Let’s face it, any job candidate can look good on a resume or be dazzling in a job interview. But experienced hiring managers know that until a job candidate’s background is qualified, extending a job offer is premature.
Depending on the job and the industry, qualifying a job applicant can involve everything from extensive background and security checks to physical exams and employment testing. It can be a time-consuming process for sure, even for the most common qualifying task, i.e., the basic reference check.
Simply speaking, a job candidate’s credentials should never be accepted at face value. (Suffice it to say that many job seekers are inclined to embellish things a bit in employment situations.) That said, the burden is on the hiring company to try to verify a job candidate’s work history prior to extending a job offer.
Of course, some job candidates will readily volunteer names or written references from past employers or noteworthy individuals. Employers can and should take personal references into consideration, but it is still a wise Hiring Practice for employers to conduct their own reference checks.
In the past, it was common for hiring managers to simply call an applicant’s past employers in order to get a rundown on an individual. Needless to say, many modern managers shy away from this practice because of potential legalities.
Nevertheless, the telephone is still used by some employers because it is expedient; however, more and more companies today are expected to formalize their reference requests in writing. Even so, the request may be ignored or, if it is answered at all, the information obtained may be very general. Regardless,
prospective employers should still submit the request.
It should be noted that all reference requests should be submitted on company letterhead and signed by a hiring authority. In companies with a Human Resources Department, this task is generally handled by that Function. For small companies, the hiring manager will normally sign the request.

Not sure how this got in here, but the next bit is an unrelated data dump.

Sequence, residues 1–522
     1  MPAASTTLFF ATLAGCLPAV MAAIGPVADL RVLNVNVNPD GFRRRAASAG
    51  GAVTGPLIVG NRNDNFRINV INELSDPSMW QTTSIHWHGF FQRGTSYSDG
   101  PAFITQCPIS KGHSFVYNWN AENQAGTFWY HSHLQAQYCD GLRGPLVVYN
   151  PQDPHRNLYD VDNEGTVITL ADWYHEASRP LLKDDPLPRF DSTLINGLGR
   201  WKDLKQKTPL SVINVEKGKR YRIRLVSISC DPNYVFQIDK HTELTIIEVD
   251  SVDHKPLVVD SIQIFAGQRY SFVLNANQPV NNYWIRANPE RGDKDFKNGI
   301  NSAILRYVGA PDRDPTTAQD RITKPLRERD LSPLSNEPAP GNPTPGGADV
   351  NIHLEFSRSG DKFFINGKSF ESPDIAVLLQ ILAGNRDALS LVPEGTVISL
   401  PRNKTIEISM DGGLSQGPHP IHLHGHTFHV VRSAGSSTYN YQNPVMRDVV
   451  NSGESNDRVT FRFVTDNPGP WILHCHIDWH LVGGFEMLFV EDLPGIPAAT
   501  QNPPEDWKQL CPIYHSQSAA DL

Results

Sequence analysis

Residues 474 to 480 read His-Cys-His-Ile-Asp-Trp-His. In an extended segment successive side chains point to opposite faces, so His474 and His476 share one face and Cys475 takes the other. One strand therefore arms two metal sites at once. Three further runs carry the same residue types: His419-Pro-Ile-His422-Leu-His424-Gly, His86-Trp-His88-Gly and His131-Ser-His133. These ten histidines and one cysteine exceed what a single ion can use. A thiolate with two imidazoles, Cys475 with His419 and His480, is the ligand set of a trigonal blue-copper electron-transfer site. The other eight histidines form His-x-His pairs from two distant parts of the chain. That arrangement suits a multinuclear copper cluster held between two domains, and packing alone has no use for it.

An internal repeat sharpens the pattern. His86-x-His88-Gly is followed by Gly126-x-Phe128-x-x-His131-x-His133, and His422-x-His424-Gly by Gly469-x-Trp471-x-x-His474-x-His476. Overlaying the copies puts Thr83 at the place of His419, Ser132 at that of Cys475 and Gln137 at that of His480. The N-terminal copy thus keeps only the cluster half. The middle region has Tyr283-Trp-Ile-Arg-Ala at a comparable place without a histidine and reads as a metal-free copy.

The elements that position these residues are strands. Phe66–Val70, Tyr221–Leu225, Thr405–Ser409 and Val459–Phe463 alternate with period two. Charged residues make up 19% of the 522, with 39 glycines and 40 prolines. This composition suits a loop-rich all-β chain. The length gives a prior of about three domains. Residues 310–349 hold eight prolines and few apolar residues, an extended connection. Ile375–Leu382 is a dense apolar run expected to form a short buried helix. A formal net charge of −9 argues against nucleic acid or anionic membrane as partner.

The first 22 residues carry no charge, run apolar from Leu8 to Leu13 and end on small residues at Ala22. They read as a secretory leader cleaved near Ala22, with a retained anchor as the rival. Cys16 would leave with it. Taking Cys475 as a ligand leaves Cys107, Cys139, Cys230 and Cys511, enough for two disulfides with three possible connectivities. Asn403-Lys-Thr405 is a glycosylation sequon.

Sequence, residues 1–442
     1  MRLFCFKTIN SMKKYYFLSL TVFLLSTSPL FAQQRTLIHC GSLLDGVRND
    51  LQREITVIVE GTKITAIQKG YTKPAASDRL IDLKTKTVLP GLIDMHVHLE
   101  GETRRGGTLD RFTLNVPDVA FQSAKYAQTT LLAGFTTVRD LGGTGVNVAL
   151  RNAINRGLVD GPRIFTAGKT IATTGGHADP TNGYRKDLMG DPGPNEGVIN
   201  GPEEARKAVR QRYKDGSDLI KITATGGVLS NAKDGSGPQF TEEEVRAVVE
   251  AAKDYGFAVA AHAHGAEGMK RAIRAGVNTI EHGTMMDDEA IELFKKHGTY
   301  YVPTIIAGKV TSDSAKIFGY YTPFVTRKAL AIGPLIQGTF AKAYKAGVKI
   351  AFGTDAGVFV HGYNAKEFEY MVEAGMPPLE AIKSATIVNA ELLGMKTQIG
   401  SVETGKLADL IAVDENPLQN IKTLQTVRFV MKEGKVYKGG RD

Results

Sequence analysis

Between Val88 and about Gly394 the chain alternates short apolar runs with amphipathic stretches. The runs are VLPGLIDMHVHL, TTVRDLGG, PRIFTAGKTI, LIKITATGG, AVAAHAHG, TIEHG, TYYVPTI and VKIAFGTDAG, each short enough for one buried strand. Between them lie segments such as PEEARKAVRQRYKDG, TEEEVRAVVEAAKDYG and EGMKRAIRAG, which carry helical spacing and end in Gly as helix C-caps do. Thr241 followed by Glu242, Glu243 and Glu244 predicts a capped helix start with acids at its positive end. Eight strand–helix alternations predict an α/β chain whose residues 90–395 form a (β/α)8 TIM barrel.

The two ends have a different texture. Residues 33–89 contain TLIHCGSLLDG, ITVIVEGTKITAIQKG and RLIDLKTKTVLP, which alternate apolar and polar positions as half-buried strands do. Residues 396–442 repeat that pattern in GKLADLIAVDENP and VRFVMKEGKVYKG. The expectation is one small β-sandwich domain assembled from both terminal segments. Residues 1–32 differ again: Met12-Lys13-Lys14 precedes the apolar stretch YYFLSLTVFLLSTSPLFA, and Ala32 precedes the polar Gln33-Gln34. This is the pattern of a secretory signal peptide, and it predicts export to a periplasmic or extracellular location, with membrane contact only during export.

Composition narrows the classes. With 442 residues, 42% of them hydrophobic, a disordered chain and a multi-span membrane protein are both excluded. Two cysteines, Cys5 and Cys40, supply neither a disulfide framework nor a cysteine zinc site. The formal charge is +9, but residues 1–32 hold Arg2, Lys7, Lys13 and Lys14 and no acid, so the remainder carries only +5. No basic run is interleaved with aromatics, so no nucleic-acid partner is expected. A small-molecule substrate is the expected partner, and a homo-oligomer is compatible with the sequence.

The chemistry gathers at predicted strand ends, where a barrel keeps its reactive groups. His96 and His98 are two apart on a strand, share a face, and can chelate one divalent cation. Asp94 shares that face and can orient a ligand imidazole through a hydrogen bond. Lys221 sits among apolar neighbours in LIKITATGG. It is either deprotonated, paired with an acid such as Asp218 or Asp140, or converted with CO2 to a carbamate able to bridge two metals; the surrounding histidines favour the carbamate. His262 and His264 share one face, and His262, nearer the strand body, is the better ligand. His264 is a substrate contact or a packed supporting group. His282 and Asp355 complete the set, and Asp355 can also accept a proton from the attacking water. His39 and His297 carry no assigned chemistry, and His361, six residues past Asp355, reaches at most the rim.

Make the reference request using either a standard form letter designed for this purpose, or a personalized Business Letter tailored for a specific addressee.
Start with general inquiries to verify the applicant’s Name, Employment Dates, Job Title, Education, Salary, and reason for ending employment. Next, you may want to include some qualitative questions about the job applicant’s performance and attributes. Of course, a former employer is not obligated to answer such
inquiries, but it does no harm in asking anyway.
In the end, a reference request, despite your best efforts, may yield little more then a verification of an applicant’s Job Title and Employment Dates. But any information you can verify about a job candidate’s background will help with the overall selection process, especially if there are inconsistencies in an applicant’s work history.
For more information and guidance, consult with your Human Resources Department, or your company’s legal counsel. A quick Internet Search will also yield many useful resources on this topic.